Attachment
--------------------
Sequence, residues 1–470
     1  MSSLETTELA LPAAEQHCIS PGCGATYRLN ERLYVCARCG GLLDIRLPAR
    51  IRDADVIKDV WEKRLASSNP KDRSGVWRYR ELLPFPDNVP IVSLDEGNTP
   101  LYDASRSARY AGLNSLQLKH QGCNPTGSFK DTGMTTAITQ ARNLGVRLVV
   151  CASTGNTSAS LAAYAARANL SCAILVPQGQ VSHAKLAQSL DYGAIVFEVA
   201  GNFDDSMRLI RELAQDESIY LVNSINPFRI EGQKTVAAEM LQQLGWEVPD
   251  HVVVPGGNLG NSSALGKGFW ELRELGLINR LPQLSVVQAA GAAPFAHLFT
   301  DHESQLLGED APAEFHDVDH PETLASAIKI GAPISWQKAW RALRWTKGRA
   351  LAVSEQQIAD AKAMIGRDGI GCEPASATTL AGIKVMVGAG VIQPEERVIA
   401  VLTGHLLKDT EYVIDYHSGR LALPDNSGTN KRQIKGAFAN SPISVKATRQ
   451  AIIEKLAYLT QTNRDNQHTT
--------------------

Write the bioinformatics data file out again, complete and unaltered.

Sequence, residues 1–470
     1  MSSLETTELA LPAAEQHCIS PGCGATYRLN ERLYVCARCG GLLDIRLPAR
    51  IRDADVIKDV WEKRLASSNP KDRSGVWRYR ELLPFPDNVP IVSLDEGNTP
   101  LYDASRSARY AGLNSLQLKH QGCNPTGSFK DTGMTTAITQ ARNLGVRLVV
   151  CASTGNTSAS LAAYAARANL SCAILVPQGQ VSHAKLAQSL DYGAIVFEVA
   201  GNFDDSMRLI RELAQDESIY LVNSINPFRI EGQKTVAAEM LQQLGWEVPD
   251  HVVVPGGNLG NSSALGKGFW ELRELGLINR LPQLSVVQAA GAAPFAHLFT
   301  DHESQLLGED APAEFHDVDH PETLASAIKI GAPISWQKAW RALRWTKGRA
   351  LAVSEQQIAD AKAMIGRDGI GCEPASATTL AGIKVMVGAG VIQPEERVIA
   401  VLTGHLLKDT EYVIDYHSGR LALPDNSGTN KRQIKGAFAN SPISVKATRQ
   451  AIIEKLAYLT QTNRDNQHTT